The Policy Junkie takes a closer look at Ericksen’s climate change legislation. You can read his previous articles here.
Senate Republicans have been adept at attacking Governor Jay Inslee’s climate proposal in ways that put them in a good light.
In February, the Senate Republicans proposed a gas tax and transportation budget that generated some positive vibes from all over the state, given their general reluctance for tax increases. But as usual, the devil is in the details. The transportation proposal would take away funding for transit and pedestrian and bike paths if the Governor proceeded with state rules on low-carbon fuel standards.
Not one to be outdone, Sen. Doug Ericksen has used the “cap and trade” concept in the Governor’s climate proposal as window dressing in his effort to subvert the state’s alternative energy mandate.
“Cap and trade” is where a limit (or cap) is set on a form of pollution and the regulated polluting entities are allowed to sell (trade) the unused portion of their limits to others who have not yet complied. By inserting a market element into a regulatory scheme, the idea is to unleash creativity and innovation. This concept was successfully applied in the 1990 Clean Air act to reduce sulfur dioxide (acid rain) emissions.
The Governor’s climate proposal included a “cap and trade” program (SB 5283 / HB 1314) that would install a carbon emission cap, decreasing over time. The state’s largest polluters would be required to buy or trade for emission allowances and carbon offset credits based on the metric tons of carbon they emit over that cap. The House version is now in the House Appropriations Committee awaiting a decision on how the $1 billion in annual revenue it would raise would fit into the next state budget. The Senate version of the bill, introduced by Senator Kevin Ranker, never received a hearing.
Instead, the Senate Energy, Environment and Telecommunications Committee, chaired by Senator Ericksen, took up SB 5735 which amends the state’s Energy Independence Act — a law that has been in Sen. Ericksen sights ever since it was approved by 52 percent of the electorate in 2006. I-937, as it is most commonly called, requires that energy utilities ramp up their participation in conservation and alternative energy by setting specific targets. Though these targets are not “caps” in the sense of a pollution limit, they do provide a mandate for environmentally friendly investment.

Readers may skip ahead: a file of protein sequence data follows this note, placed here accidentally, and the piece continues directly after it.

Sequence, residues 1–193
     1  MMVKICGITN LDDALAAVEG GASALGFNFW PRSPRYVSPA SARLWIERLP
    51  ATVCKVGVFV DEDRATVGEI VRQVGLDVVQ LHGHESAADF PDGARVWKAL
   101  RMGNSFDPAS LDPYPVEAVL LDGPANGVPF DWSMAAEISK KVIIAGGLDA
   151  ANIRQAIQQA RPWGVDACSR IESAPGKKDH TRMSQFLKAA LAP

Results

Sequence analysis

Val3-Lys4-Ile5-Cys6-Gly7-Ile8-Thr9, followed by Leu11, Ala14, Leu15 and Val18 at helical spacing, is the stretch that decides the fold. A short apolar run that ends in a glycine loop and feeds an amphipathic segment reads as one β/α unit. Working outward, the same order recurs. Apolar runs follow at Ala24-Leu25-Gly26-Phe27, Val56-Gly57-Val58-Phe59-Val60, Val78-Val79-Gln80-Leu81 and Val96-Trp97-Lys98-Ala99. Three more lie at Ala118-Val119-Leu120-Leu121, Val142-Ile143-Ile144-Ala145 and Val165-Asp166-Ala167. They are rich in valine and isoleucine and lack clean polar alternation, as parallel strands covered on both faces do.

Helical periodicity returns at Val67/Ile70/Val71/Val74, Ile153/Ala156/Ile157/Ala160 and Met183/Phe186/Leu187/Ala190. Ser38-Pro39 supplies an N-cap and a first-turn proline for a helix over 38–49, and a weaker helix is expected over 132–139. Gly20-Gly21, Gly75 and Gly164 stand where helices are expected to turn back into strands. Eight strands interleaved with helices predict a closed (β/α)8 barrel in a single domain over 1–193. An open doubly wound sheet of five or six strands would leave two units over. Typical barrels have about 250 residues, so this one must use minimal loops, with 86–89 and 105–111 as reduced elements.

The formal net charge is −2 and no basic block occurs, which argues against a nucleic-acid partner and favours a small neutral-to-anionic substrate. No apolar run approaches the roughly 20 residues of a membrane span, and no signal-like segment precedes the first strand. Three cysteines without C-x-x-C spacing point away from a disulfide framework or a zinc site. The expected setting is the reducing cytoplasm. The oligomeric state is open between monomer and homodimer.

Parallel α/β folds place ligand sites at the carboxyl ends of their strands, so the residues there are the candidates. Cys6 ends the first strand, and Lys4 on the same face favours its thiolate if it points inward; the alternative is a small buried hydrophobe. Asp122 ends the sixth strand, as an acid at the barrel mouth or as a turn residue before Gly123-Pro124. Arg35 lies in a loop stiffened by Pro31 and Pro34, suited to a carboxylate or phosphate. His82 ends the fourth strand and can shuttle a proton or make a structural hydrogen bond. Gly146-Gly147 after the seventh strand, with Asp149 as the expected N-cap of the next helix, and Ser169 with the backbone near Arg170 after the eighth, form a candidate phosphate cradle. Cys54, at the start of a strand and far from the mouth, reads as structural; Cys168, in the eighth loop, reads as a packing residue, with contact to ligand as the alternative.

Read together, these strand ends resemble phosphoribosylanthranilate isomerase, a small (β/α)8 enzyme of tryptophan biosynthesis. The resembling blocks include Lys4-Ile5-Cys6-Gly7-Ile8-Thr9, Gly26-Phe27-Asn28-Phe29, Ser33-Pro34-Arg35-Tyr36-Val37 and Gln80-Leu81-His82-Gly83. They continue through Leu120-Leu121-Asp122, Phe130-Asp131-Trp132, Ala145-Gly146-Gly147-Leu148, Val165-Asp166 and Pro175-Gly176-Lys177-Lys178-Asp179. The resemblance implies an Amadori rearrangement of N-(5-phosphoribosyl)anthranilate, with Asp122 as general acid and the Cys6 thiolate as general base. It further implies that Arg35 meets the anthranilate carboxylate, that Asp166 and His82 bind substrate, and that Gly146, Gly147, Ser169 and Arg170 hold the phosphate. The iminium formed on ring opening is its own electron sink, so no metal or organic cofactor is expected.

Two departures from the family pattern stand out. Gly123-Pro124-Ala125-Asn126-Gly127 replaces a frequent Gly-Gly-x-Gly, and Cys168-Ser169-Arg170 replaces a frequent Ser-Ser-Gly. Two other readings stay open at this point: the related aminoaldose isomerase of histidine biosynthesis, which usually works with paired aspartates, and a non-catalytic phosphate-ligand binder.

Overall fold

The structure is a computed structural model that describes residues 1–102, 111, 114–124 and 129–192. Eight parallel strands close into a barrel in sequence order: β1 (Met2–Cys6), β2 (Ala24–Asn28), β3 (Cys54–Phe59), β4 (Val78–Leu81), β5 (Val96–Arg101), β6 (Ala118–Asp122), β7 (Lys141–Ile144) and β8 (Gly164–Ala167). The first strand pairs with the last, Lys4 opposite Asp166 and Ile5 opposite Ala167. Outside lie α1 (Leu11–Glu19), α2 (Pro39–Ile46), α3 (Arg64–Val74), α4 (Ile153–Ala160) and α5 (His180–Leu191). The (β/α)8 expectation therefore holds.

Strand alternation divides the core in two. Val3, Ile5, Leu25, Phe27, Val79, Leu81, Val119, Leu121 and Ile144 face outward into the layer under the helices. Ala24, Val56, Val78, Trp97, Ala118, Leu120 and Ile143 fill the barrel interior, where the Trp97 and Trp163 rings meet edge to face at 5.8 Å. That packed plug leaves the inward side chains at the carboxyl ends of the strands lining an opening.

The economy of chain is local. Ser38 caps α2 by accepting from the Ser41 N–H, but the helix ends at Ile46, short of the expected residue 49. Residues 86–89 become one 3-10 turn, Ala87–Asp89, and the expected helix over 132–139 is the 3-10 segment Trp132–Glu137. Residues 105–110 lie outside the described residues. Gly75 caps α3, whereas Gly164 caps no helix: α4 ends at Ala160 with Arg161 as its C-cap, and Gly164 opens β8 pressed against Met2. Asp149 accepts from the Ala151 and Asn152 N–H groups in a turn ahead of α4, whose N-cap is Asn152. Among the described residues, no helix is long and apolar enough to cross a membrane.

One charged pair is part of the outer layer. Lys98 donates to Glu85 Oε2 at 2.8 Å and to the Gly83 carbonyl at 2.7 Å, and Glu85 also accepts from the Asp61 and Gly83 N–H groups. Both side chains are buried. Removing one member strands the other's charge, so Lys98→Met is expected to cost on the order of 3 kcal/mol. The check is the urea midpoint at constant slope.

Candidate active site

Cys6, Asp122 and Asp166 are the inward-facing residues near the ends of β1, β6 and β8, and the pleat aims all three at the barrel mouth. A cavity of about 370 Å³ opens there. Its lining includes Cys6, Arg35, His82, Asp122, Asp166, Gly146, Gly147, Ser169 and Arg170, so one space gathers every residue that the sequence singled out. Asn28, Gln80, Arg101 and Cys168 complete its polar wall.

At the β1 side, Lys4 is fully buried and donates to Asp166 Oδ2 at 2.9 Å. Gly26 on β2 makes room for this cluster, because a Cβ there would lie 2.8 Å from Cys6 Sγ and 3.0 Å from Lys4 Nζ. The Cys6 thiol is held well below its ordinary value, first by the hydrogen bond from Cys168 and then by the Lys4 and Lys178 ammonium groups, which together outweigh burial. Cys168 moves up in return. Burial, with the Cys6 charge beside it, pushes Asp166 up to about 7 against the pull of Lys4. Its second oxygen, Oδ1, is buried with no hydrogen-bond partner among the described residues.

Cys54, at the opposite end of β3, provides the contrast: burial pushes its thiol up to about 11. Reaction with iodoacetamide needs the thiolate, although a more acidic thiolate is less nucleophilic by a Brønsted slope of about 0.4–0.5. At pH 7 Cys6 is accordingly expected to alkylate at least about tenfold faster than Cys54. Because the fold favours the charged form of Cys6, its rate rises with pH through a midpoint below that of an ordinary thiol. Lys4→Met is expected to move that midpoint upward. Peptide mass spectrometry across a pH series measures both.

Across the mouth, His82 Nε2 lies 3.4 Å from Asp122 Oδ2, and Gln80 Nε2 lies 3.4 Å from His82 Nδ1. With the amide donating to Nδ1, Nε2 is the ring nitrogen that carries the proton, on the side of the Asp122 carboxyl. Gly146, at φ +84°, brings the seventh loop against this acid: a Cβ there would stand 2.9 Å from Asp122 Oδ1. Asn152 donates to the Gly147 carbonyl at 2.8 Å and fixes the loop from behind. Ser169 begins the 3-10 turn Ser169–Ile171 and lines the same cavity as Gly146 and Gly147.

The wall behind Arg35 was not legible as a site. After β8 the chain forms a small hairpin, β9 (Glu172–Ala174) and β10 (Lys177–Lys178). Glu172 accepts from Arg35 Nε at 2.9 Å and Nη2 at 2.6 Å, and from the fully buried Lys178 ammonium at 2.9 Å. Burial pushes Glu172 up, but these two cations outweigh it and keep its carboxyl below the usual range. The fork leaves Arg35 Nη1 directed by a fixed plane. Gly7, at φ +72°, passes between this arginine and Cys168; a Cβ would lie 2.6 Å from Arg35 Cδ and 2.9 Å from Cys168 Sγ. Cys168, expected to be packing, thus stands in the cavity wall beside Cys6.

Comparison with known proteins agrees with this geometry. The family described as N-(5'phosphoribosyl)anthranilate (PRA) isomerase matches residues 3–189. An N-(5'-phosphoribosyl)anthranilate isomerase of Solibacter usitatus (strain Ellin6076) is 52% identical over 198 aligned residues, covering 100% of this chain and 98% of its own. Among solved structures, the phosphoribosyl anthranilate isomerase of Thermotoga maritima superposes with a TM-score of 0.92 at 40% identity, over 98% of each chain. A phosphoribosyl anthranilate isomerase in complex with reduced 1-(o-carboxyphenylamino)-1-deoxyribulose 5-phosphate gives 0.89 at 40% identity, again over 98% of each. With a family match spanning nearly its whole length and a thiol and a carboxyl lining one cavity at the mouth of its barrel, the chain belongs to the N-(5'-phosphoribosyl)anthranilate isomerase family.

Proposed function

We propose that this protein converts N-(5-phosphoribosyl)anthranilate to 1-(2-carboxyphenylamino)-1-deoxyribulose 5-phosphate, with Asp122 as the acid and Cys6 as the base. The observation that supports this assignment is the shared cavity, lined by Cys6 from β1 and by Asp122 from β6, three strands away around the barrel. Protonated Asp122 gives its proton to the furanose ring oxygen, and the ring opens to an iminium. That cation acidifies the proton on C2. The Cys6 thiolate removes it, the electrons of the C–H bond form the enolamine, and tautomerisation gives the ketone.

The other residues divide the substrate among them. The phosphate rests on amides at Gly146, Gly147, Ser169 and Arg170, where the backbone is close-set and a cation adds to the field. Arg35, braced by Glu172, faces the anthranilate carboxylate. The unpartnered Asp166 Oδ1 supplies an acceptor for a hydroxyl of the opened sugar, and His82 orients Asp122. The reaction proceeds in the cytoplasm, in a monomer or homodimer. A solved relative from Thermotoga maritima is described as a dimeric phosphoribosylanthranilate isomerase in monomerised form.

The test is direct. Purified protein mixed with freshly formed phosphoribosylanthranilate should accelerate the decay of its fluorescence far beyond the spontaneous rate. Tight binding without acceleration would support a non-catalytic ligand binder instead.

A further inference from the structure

I-937’s alternative energy mandate requires that power utilities serving more than 25,000 customers must obtain at least 15 percent of their electrical power from renewable sources such as wind and solar by 2020. Hydropower, with some exception, does not count toward the goal. Utilities, such as Puget Sound Energy, have had to meet a 3 percent target by 2012 and will need to hit a 9 percent target by 2016.
There is an escape valve. Utilities do not need to spend more than 4 percent of their annual retail sales per year in meeting this goal. If the utility is in a no-growth situation with no need to acquire power, a 1 percent spending limit is set. This proviso ensures that rates don’t increase significantly as a result of the requirement.
Sen. Ericksen’s proposal would give credit toward the alternative energy mandate if utilities invest in other, non-power generating carbon reduction activities, such as electric vehicle charging stations and converting fleets to alternative fuels. If these investments can be verified by a third-party to reduce carbon emissions, then that reduction would be converted into a credit towards meeting the 15 percent alternative energy mandate. This is the “sizzle” part of the bill that captures the idea of the carbon trading concept, without really using a cap.
I-937 advocates argue that the Senator is mixing apples and oranges by pirating a program that was intended to diversify the state’s energy portfolio and using it as cynical response to the Governor’s more genuine cap and trade proposal.
Sen. Ericksen argues that Energy Independence Act drives up rates, hasn’t produced enough jobs in Washington and still requires that fossil-fuel generation be created to firm up the variability of alternative energy sources.
Still, Puget Sound Energy, which delivers electricity to Skagit and Whatcom Counties, has easily met the mandate and did not participate in the hearing on SB 5735. One of the loudest whiners on I-937 (and loudest supporters of the Senator’s bill) is Benton PUD, which gets most of its power from hydro and nuclear and will likely spend close to the 4 percent retail sales cap to meet the 2020 goal.
What undercuts Sen. Ericksen’s grandstanding on being cap-and-trade friendly is the escape valve mentioned earlier. His bill would extend the 1 percent of retail sales spending limit to all utilities, not just those who are in a no-growth position. The lower spending threshold negates the “sizzle” part of the bill since it’s a relatively easy threshold to meet compared to the more difficult task of proving carbon reduction.
At its best, SB 5735 will not reduce carbon emissions any more than the current Energy Independence Act. More likely, it will be a step backwards.